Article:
The Word in the Wings

The Word in the Wings  > Reflecting El Roi: prayer, solitude, and rest

Reflecting El Roi: prayer, solitude, and rest

By: JESSICA NOONAN

Glorify Dance Theatre will premiere a new ballet, Reflecting El Roi, in March 2024 during the liturgical season of Lent. Lent is a forty-day period when Christians prepare to experience Holy Week and Easter and to remember the suffering, death, and resurrection of Jesus Christ. Reflecting El Roi uses dance to explore three traditional intentions of Lent: preparation, prayer & fasting, and giving.

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This month the dancers and I have been studying the meaning and importance of Lent. We have learned that lenten disciplines should include giving up something in your life that is moving you away from God or doing something that will bring you closer to God.  

When examining my own heart, I identified the busyness of being a mother of two in this over-scheduled world as preventing me from engaging in a fully committed prayer life. Prayer is a tool for conversations with our beloved Father. Did you know there are over 650 prayers in the Bible? This reveals that prayer is very important to God. So how do we grow in this area when so much in our daily lives is trying to pull us away from intimate moments with our Father? We must seek intentional times of rest and solitude throughout our day. Let’s first take a look at what the Bible says about rest and solitude, and then we will explore how we can practice this.  

Jesus models solitude for us in the Bible. Matthew 26:36 (NIV) says, 

Then Jesus went with his disciples to a place called Gethsemane, and he said to them, “Sit here while I go over there and pray.”

 

And then again in Luke 6:12 (NIV):

One of those days Jesus went out to a mountainside to pray, and spent the night praying to God.”  

 

Matthew 6:6 (NRSVUE) instructs us to pray in solitude

But whenever you pray, go into your room and shut the door and pray to your Father who is in secret, and your Father who sees in secret will reward you.” 

 

There is a clear, powerful connection between solitude and prayer. When we enter into a place of solitude, we remove the distractions of the outside world. We can focus solely on the Lord.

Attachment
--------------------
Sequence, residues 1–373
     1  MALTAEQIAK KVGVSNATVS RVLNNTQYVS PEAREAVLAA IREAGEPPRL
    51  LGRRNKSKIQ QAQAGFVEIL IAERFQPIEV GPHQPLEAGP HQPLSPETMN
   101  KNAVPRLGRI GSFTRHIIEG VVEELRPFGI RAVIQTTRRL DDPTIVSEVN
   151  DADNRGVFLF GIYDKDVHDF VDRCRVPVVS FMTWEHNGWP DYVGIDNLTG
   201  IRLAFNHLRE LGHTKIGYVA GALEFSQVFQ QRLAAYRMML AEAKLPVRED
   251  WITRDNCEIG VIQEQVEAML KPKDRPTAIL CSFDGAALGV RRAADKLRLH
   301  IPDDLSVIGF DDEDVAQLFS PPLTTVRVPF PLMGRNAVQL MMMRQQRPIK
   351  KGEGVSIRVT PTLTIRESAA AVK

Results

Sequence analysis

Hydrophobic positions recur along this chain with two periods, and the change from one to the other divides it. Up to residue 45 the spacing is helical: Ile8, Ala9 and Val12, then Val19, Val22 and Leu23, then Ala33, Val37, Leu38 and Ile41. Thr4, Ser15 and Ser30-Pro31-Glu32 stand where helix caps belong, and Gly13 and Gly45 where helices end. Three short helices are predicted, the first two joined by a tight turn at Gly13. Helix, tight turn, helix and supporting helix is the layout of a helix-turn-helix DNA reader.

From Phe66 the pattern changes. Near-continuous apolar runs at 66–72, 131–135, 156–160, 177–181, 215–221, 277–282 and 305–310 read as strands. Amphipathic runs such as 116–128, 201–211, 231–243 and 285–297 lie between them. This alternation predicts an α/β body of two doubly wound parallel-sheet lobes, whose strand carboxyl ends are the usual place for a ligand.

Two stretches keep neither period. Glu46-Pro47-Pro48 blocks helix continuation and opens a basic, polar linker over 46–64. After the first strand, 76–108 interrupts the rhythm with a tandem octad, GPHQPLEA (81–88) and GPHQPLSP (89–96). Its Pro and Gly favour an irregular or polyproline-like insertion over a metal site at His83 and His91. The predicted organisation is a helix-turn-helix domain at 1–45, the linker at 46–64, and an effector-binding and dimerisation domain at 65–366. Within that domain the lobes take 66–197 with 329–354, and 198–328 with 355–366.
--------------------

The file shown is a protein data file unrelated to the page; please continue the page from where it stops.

Now let’s take a look at what the Bible says about “rest:” 

 

Be still, and know that I am God! I am exalted among the nations; I am exalted in the earth.”

Psalm 46:10 (NRSVUE)

 

He said to them, “Come away to a deserted place all by yourselves and rest a while.” For many were coming and going, and they had no leisure even to eat. 

Mark 6:31 (NRSVUE)

 

Be still before the Lord, and wait patiently for him; do not fret over those who prosper in their way, over those who carry out evil devices.

Psalm 37:7 (NRSVUE)

 

Melody Mendoza, GPA’s Artistic & Executive Director, reflects on how rest lets her step away from distractions and center her focus on God. She says,

 

“There are two times when I feel the most connected to God. One is when I’m choreographing, and the other is when I’m resting. When I rest it helps my brain know it’s specifically taking time to connect to God and while there are always distracting thoughts, I’m able to let those go and refocus on the Lord. So instead of God being part of whatever I’m doing, I feel like intentional times of rest and silence let me attune my heart and mind to God and what He is doing.”

 

When Melody chooses rest, God is faithful to show Himself clearly through the distractions. Even in the Old Testament, God provides rest to his loyal servants. In 1 Kings 19, Elijah was forced into rest and solitude. As a prophet he had just performed several miracles and was fleeing from Queen Jezebel. He was physically and spiritually hungry. God provided a solitary broom tree for him to rest and food to eat in order for him to continue God’s work.

 

So he got up and ate and drank, and the food gave him enough strength to travel forty days and forty nights to Mount Sinai, the mountain of God. 

1 Kings 19:8 (NLT)